Thank you. Howard, much attention has been given to the, to the current gift GST and estate tax exemption you know, many estate planners, accountants, financial planners are calling for a for action before year end to take advantage of this historically high exemption in advance of what could be next year, or certainly after the sunset of 2025, a lower exemption amount. What are your, what are your thoughts?

    Howard Vigderman:
    Well, first of all, I’m happy to say that this is an exercise that we’ve been through before. There was sort of, you know, the panic of 2010 and the panic of 2012 and all the State’s practitioners were telling their clients, you got to give away your money because, you know, exemption may go down, the exemption may change. The rate of the federal state tax rate can go up all those kinds of things. So we’re, we’re sort of used to addressing at the end of the year and a lot of times, so we don’t really know until the very end of the year, but we’re, we’re used to now addressing situations where clients will contemplate making large gifts in order to take advantage of a large exemption, which may very well go away. So as Jennifer said, the exemption now is $11,580,000 for a married couple it’s twice that, so for the very wealthy if they consider the possibility that the exemptions going to go down, as Jennifer mentioned to as low as 5 million, perhaps inflation adjusted they might want to make gifts to their children or other beneficiaries.

    Howard Vigderman:
    In order to take advantage of the exemption. The IRS issued regulations that state and of course, regulations could always change, but regulations that state that if you make a gift that consumes your full exemption, that government will not, when you die, go back and claw back the difference between the exemption at the time of the gift and whatever the exemption happens to be at the time that you die. So if you make a gift of, you know, $20 million in, in 2020, and at the time that the husband and wife died, the exemption is $10 million under this regulation that $10 million gift is not padded back in to the taxable estate and subject to federal state tax. We all hope of course, that that anti callback provision will continue to apply regardless of what the administration is. So for clients,uat that asset level and who were willing to part with dollars of that magnitude,uthey should consider funding trust for the benefit of their children.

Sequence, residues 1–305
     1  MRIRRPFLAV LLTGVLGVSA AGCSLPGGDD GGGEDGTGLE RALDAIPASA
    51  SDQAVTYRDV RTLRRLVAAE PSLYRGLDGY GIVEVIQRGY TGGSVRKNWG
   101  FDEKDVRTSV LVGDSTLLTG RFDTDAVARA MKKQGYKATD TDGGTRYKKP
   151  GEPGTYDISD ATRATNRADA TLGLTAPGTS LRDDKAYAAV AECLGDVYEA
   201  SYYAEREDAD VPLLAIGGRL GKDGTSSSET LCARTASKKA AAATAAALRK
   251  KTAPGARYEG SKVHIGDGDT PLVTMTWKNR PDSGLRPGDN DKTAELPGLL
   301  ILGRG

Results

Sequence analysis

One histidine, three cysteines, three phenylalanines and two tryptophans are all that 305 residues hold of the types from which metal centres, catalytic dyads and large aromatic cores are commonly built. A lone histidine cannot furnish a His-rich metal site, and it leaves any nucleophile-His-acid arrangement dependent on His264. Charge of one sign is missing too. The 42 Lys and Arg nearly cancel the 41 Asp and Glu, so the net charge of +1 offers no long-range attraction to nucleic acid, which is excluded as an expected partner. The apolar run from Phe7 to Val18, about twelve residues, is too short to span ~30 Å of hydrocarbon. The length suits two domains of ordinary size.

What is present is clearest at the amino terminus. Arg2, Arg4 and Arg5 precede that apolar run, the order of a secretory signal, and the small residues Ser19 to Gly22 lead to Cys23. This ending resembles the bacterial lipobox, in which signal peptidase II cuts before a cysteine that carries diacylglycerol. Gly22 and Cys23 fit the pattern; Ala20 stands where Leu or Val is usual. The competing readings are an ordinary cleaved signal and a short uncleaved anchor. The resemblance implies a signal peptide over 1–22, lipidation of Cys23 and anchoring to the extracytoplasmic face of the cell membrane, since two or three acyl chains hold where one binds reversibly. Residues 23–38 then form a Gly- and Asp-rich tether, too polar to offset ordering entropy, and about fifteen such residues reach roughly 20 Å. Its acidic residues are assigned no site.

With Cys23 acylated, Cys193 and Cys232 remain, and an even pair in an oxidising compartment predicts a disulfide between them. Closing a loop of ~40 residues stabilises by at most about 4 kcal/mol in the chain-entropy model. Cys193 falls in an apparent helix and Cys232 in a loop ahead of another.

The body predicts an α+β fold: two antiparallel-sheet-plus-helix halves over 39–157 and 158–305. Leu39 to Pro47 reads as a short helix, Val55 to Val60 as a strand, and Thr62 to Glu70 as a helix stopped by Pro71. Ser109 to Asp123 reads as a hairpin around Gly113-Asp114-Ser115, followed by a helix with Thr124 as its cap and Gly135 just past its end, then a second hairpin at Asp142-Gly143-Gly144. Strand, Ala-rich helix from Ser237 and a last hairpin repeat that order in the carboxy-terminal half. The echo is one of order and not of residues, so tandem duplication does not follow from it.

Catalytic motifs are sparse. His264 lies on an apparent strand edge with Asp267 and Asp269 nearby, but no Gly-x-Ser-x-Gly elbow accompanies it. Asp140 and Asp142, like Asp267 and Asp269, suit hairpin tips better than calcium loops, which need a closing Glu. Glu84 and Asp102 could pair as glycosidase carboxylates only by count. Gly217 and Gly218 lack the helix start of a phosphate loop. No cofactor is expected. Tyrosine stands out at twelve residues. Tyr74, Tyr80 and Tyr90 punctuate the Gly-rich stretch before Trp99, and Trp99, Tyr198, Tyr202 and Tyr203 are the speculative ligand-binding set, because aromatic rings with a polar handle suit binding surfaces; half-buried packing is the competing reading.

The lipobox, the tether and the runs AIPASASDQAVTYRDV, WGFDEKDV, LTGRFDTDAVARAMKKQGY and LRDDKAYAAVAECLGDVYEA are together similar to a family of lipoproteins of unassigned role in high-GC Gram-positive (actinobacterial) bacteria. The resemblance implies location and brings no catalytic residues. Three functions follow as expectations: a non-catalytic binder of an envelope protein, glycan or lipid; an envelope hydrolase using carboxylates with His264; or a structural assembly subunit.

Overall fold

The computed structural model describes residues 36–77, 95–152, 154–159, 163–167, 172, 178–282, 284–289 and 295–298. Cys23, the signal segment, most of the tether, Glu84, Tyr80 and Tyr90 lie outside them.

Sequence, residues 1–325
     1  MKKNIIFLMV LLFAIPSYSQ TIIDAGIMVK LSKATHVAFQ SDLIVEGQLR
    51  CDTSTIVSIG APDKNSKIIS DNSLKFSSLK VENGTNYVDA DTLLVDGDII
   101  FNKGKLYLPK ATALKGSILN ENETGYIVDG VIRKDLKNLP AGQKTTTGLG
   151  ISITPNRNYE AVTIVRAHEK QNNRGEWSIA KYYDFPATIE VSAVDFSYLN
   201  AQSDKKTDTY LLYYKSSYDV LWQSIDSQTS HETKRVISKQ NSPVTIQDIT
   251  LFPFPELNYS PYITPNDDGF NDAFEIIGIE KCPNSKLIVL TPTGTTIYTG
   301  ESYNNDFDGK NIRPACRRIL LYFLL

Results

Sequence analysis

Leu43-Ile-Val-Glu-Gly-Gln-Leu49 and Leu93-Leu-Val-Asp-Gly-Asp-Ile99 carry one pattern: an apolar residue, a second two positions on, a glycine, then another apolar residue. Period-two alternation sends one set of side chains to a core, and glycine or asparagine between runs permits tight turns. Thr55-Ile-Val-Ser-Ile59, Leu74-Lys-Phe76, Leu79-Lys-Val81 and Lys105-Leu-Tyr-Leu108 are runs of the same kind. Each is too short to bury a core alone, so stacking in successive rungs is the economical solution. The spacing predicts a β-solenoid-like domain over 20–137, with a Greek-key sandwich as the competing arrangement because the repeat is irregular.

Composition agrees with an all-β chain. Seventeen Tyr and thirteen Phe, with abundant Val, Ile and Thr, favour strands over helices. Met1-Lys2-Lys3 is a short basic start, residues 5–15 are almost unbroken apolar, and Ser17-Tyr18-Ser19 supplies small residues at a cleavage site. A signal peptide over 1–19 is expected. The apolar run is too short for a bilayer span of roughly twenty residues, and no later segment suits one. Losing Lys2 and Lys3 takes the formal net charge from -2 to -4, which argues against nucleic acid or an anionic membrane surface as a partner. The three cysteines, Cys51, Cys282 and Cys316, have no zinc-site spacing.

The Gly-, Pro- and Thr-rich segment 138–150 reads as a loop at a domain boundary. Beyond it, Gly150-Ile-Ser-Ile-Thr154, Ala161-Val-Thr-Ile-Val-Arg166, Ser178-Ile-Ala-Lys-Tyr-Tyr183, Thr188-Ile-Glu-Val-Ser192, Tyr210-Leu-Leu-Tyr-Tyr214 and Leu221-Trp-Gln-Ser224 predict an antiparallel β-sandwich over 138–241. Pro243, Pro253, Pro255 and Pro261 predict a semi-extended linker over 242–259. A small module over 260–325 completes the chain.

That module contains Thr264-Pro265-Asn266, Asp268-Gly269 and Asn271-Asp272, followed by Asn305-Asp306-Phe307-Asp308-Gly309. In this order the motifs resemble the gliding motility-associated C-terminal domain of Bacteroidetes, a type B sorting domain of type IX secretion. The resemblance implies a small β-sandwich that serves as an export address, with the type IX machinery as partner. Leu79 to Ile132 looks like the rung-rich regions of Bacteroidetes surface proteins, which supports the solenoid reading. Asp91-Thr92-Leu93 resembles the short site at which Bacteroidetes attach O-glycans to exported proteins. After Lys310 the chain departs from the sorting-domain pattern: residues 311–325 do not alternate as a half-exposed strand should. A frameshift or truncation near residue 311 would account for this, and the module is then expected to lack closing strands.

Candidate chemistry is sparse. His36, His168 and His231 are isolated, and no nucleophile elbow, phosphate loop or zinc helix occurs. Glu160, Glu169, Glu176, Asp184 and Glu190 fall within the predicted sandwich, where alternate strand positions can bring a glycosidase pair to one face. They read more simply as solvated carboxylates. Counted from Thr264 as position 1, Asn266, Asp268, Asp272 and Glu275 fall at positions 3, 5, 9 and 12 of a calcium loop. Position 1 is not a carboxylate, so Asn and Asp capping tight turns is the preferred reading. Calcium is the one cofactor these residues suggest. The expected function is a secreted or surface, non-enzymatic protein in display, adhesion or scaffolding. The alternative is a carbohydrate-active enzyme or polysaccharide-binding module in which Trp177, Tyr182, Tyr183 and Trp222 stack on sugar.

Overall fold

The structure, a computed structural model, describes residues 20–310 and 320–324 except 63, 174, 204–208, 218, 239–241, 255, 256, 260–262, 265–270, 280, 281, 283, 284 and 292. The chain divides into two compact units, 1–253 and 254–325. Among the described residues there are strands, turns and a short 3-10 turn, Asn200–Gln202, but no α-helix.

Howard Vigderman:
    Those trusts would be irrevocable trusts. They would have to be established and funded by the end of this year, if indeed the exemption is going to go down next year. Often the trusts are drafted so that the non-donor or spouse is an eligible beneficiary. Those trusts have been, come to be known as spousal access trusts because clients may be fearful that they’re giving away money, but they might regret it and they might want access to the money. So they allow the spouse access to the money. It’s very important that in creating trusts of that type, that you build in all kinds of flexibility to contemplate not only changes in the tax law, but also changes in the composition and what I’ll call sort of the behavior of your family. These trusts are generally generation skipping. They last not only for children and grandchildren, but for each successive generation of the donor’s family.

    Howard Vigderman:
    And one never knows what’s going to happen two and three and four generations for them. So it’s important to include provisions that anticipate the possibility of modifications to the trust, that address those kinds of changes. From a tax perspective, these kinds of trusts are also typically grantor trusts, meaning that the obligation to pay the income tax on the ordinary income and the capital gain income resides with the donor. So even though the donors parted with the money and it’s no longer part of their estate for estate and gift tax purposes they’re still responsible to pay the income tax. Now, intuitively that may sound like not a great deal, but in fact, from an estate planning perspective, it’s very powerful because by the donors paying the tax on the trust income over is in effect make a free gift to the children. So that is, is one of the more powerful aspects of this kind of trust.

    Howard Vigderman:
    If husband and wife are intending to each set up trusts in 2020, the safest thing to do is because there’s so little time not to include either spouses of beneficiary of the trust. If you would like to include a spouse, the safest approach is for the, what I’ll call the less wealthy spouse to be included in the trust created by the more wealthy spouse, but not to include the, the more wealthy spouses of beneficiary of the trust created by the less wealthy spouse. And the reason for that is the doctrines known as the step transaction doctrine and also the reciprocal trust doctrine doctrine that basically collapse a transaction that’s done within two short period of time of each other. So you need to be cautioned about that, but if you’re going to embark on one of these trusts, now’s the time to act.